Although the most commonly employed risk measures are based upon the entire distribution of asset prices, many financial events are related to extreme risks located at the tails of the distribution. This article appliesthe extreme value theory to the computation of the capital requirement for a financial institution. Statistical theory allows us to quantify the behavior of extreme price variations observed in financial markets. Extremes selected over a long period of time obey the so-called extreme value distribution, which can either be a Weibull, a Gumbel or a Fréchet distribution according to the shape of the distribution tail. The specified extreme value distribution is then used to compute the position-risk requirement of a portfolio. An example is presented for a US equity portfolio.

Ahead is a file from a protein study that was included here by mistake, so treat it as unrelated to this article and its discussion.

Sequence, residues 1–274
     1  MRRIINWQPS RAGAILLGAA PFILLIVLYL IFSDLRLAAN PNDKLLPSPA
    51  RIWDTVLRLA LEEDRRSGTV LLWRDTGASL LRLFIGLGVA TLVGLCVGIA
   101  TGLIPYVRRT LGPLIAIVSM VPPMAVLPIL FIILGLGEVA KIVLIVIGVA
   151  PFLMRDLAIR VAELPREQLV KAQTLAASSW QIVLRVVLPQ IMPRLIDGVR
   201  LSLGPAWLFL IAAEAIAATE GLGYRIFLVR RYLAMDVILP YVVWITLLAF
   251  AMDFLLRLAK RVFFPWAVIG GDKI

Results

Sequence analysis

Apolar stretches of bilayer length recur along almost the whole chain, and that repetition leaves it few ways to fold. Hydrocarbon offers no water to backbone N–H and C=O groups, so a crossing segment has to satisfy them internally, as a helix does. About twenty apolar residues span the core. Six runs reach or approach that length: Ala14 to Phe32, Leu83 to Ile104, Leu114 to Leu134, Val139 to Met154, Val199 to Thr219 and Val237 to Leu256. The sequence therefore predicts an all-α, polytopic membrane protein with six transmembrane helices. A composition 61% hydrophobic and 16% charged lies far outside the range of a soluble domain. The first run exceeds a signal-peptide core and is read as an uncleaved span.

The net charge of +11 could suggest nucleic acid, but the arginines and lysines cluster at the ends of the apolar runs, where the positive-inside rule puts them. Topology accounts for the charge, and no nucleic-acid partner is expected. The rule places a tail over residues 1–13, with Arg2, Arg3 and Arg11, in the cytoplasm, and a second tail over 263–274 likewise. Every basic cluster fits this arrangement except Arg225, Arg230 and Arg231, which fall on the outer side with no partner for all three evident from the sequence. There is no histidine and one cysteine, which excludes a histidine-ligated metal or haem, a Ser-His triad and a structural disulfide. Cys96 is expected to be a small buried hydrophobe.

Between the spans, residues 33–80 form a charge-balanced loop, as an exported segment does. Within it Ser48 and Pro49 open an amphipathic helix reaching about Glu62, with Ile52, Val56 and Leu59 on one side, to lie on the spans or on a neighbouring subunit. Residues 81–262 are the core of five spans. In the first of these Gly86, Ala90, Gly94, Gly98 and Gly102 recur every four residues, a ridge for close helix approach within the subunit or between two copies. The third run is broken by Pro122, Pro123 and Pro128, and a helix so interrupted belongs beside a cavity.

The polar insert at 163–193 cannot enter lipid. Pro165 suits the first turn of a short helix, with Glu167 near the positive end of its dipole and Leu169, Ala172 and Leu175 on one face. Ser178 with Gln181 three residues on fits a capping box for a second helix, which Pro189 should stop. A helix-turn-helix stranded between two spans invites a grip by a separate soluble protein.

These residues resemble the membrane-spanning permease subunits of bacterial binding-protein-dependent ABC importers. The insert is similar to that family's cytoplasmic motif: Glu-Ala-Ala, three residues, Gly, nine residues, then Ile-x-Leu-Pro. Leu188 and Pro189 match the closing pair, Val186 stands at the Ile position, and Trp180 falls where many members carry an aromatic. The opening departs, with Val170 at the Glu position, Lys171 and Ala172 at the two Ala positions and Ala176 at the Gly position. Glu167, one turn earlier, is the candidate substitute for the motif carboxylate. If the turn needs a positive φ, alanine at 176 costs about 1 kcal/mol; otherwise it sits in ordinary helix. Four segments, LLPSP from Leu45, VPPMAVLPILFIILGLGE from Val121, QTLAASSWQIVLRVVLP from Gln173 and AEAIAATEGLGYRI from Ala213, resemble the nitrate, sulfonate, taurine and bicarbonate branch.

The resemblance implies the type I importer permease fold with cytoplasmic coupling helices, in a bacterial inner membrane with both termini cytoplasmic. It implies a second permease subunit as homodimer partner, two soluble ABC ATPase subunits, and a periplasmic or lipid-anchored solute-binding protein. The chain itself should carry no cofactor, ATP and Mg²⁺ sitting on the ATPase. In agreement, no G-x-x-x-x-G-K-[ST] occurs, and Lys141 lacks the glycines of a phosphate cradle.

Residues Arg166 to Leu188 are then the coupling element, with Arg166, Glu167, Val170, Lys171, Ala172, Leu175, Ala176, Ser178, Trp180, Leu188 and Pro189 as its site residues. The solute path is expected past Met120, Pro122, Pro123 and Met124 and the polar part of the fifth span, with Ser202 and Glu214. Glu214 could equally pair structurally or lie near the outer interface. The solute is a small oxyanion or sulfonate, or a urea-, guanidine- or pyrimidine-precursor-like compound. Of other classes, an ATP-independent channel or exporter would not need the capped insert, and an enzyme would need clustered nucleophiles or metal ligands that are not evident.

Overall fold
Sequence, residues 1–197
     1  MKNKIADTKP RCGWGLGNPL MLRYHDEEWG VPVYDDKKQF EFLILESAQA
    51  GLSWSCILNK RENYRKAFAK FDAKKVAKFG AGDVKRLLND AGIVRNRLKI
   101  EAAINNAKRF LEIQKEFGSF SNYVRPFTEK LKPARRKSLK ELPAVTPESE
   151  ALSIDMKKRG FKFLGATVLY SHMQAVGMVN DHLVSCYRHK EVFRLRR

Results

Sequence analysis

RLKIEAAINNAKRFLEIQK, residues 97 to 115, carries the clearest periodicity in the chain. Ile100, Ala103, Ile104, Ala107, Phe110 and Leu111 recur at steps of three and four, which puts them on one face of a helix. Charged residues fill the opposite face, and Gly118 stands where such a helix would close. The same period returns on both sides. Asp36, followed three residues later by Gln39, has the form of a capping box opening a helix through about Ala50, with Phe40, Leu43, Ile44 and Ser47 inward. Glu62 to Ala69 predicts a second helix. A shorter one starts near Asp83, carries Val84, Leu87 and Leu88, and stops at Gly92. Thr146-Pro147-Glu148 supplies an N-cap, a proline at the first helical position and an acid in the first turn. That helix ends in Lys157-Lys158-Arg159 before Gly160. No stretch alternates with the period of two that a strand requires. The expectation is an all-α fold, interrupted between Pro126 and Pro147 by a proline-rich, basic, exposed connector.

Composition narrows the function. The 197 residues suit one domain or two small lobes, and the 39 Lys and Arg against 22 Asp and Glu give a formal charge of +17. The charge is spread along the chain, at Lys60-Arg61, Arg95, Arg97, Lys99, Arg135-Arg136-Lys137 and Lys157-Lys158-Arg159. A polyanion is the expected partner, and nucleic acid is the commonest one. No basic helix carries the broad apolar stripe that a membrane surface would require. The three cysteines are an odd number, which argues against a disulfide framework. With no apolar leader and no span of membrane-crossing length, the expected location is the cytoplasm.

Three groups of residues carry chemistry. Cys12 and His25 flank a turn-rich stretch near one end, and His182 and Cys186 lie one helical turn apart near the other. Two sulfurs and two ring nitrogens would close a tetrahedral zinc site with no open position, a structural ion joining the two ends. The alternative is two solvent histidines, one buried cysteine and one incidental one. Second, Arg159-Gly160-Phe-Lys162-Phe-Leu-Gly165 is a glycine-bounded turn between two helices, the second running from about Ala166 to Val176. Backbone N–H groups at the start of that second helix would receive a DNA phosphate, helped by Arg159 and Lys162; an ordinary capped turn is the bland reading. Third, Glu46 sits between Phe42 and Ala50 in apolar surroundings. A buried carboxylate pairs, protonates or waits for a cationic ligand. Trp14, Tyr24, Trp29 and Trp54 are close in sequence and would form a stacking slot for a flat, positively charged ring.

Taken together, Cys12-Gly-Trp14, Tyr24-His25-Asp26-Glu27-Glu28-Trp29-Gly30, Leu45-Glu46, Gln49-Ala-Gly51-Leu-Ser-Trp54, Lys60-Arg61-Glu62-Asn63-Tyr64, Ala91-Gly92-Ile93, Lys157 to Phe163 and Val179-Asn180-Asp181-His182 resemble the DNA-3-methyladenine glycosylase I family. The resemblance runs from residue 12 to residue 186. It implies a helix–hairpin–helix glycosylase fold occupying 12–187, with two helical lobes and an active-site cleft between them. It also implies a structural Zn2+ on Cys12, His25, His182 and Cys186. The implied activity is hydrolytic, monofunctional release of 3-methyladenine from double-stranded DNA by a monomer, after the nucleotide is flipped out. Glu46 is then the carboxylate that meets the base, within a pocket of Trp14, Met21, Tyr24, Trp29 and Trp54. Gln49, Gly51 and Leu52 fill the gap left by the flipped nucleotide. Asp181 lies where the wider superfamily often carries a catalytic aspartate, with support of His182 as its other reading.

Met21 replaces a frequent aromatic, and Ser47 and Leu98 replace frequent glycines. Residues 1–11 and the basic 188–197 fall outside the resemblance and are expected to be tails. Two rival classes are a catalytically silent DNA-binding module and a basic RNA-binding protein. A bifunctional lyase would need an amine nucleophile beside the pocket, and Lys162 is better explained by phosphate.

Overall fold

LONGIN, F. (2000). Capital Requirement: A New Method Based on Extreme Price Variations. Journal of Risk Finance, pp. 42-50.